Even now as I near the end of my sixth month, I feel anxious that something could go wrong. I still hear the sad stories of stillbirths and panic that I’m no longer in a ‘safe zone’.

It’s rumoured that Meghan is at least five months along, and after losing a child it’s understandable why waiting to share the news seems like the best way to protect that pregnancy. 

Meghan was absolutely right to share her news, and it acts as a reminder that good things can still happen after loss

If nobody knows, then it can be easier to handle the grief if something does happen. However, hiding a pregnancy and struggling with worry is extremely isolating and draining.

Meghan was absolutely right to share her news, and it acts as a reminder that good things can still happen after loss. It’s also refreshing to see someone in the public eye be protective of their pregnancy and to disclose it when they are ready to.

Unfortunately fear has tainted the excitement of being a first-time mum, as I routinely remind midwives that while this might be my first baby it certainly isn’t my first pregnancy.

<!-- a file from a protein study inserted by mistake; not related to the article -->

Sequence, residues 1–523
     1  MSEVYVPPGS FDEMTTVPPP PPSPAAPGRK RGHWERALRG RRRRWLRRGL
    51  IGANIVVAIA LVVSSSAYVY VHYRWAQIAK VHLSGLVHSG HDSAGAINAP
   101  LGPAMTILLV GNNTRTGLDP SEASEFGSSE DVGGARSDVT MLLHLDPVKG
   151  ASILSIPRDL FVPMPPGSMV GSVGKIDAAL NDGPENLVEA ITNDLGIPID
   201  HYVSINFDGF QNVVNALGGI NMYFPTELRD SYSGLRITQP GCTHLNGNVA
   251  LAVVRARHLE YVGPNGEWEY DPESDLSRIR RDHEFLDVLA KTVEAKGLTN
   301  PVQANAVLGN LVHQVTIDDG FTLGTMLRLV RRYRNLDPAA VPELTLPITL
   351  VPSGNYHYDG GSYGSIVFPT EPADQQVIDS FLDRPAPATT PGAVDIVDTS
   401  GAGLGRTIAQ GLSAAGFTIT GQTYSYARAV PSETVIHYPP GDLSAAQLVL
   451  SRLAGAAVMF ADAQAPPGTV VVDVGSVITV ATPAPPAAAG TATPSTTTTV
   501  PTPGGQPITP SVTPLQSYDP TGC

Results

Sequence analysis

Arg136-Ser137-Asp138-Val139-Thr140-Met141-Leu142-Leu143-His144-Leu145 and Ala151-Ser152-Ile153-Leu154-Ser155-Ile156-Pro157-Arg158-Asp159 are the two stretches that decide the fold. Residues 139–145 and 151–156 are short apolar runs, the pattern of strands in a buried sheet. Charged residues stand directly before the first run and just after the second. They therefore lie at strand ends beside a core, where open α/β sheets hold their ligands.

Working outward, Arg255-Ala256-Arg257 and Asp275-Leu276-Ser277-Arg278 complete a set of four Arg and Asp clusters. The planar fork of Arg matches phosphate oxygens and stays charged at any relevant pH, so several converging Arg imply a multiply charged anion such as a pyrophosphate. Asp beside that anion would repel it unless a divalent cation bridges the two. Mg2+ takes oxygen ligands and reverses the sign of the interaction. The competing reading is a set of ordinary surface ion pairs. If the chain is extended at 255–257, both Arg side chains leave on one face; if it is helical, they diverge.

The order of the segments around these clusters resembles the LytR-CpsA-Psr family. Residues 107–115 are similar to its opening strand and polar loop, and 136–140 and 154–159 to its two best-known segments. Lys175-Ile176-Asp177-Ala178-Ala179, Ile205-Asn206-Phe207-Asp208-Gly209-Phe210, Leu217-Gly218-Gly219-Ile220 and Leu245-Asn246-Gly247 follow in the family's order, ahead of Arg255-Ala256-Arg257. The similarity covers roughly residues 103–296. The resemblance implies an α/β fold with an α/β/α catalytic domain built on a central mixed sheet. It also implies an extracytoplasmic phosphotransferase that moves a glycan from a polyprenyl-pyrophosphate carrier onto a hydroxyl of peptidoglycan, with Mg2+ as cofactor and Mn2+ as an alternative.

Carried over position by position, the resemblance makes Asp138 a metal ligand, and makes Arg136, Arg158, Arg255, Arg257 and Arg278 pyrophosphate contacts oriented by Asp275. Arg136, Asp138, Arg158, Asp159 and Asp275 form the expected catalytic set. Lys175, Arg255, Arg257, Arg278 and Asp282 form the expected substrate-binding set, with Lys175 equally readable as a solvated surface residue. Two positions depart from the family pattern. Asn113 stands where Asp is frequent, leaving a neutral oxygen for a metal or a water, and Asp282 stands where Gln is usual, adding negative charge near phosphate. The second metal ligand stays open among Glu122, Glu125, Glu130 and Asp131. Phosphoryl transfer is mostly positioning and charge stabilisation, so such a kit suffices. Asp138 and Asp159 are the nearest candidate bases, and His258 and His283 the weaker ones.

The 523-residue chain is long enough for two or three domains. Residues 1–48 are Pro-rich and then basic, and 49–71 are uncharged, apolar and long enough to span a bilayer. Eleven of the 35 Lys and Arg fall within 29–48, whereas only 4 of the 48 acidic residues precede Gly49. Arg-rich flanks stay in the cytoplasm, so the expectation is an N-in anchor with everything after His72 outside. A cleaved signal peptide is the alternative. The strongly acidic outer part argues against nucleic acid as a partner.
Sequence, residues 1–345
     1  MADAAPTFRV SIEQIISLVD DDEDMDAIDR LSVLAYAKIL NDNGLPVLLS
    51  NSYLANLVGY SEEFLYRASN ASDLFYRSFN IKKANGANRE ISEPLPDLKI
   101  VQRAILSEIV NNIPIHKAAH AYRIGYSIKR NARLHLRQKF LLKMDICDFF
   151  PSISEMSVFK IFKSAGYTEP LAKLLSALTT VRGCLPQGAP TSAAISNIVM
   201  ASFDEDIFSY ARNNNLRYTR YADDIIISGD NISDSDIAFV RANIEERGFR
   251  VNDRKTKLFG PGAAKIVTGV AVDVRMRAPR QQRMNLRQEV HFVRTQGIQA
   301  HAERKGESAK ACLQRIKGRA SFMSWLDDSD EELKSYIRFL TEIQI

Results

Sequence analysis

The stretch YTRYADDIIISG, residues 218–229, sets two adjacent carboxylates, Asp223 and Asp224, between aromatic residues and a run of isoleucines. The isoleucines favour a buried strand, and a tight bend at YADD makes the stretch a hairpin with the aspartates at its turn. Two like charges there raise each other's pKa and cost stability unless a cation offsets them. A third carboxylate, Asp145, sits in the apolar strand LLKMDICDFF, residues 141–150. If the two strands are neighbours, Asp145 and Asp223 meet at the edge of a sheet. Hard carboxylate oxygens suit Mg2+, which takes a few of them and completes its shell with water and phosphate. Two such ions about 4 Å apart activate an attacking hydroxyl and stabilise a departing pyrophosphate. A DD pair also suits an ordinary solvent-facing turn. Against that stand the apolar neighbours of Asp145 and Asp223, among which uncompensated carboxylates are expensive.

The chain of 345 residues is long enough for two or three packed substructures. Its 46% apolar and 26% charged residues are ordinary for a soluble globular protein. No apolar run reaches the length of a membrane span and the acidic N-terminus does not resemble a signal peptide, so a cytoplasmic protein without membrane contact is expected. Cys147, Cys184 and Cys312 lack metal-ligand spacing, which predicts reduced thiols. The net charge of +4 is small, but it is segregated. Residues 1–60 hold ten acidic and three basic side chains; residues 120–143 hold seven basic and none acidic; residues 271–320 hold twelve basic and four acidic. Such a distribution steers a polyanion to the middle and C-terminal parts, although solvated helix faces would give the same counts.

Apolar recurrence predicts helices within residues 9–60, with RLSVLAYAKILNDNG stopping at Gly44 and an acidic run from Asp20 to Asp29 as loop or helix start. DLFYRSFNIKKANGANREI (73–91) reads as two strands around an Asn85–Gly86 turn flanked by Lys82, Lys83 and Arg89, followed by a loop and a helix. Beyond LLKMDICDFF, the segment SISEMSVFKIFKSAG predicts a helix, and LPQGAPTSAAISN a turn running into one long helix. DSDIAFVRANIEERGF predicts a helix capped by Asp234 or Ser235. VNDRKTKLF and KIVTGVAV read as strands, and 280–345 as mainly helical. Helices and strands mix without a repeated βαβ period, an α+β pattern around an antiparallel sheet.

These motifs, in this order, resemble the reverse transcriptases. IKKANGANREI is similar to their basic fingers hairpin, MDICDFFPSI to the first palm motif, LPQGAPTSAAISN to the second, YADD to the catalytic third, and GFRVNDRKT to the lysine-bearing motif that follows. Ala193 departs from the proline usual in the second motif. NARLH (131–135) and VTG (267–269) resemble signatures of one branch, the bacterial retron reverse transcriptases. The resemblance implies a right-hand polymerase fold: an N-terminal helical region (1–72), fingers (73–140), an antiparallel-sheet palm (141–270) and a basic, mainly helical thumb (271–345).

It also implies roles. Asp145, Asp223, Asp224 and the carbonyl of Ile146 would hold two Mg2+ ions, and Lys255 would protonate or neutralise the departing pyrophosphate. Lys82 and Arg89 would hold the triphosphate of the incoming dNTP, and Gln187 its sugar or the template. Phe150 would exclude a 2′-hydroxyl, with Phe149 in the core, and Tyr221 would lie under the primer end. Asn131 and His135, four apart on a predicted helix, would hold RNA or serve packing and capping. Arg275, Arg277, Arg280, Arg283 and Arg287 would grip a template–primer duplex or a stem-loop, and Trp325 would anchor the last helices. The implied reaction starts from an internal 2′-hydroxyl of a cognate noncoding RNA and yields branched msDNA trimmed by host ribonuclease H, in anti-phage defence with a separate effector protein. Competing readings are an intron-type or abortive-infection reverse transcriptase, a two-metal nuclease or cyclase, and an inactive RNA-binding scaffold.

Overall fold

Don’t get me wrong, there are plenty of joyful moments but pregnancy is also a tough, tiring and emotional journey so perpetuating the myth that it’s happiness from start to finish also isn’t a helpful narrative for any mum to see; whether they’ve suffered a miscarriage or not.

I have no advice to give to Meghan or for any mum facing pregnancy after a loss, particularly when I haven’t mastered overcoming the anxiety I face in my own pregnancy journey.

But I have found small things that make me feel calmer; as my baby gets further along and I can feel kicks and movement it gives me more security that a miscarriage is less likely.

Ultimately there is no off switch for the pregnancy anxiety after loss, but it can be more manageable as every week or day ticks by. All I hope is that Meghan too finds ways to overcome the worry that the experience of pregnancy loss brings.

I’m due in May and my partner Steve and I are excited to meet our little girl, but it’s not without its sadness. Having a successful pregnancy never erases thoughts of ‘what could have been’ from previous pregnancies.

It’s not easy but of course, it will be worth it in the end.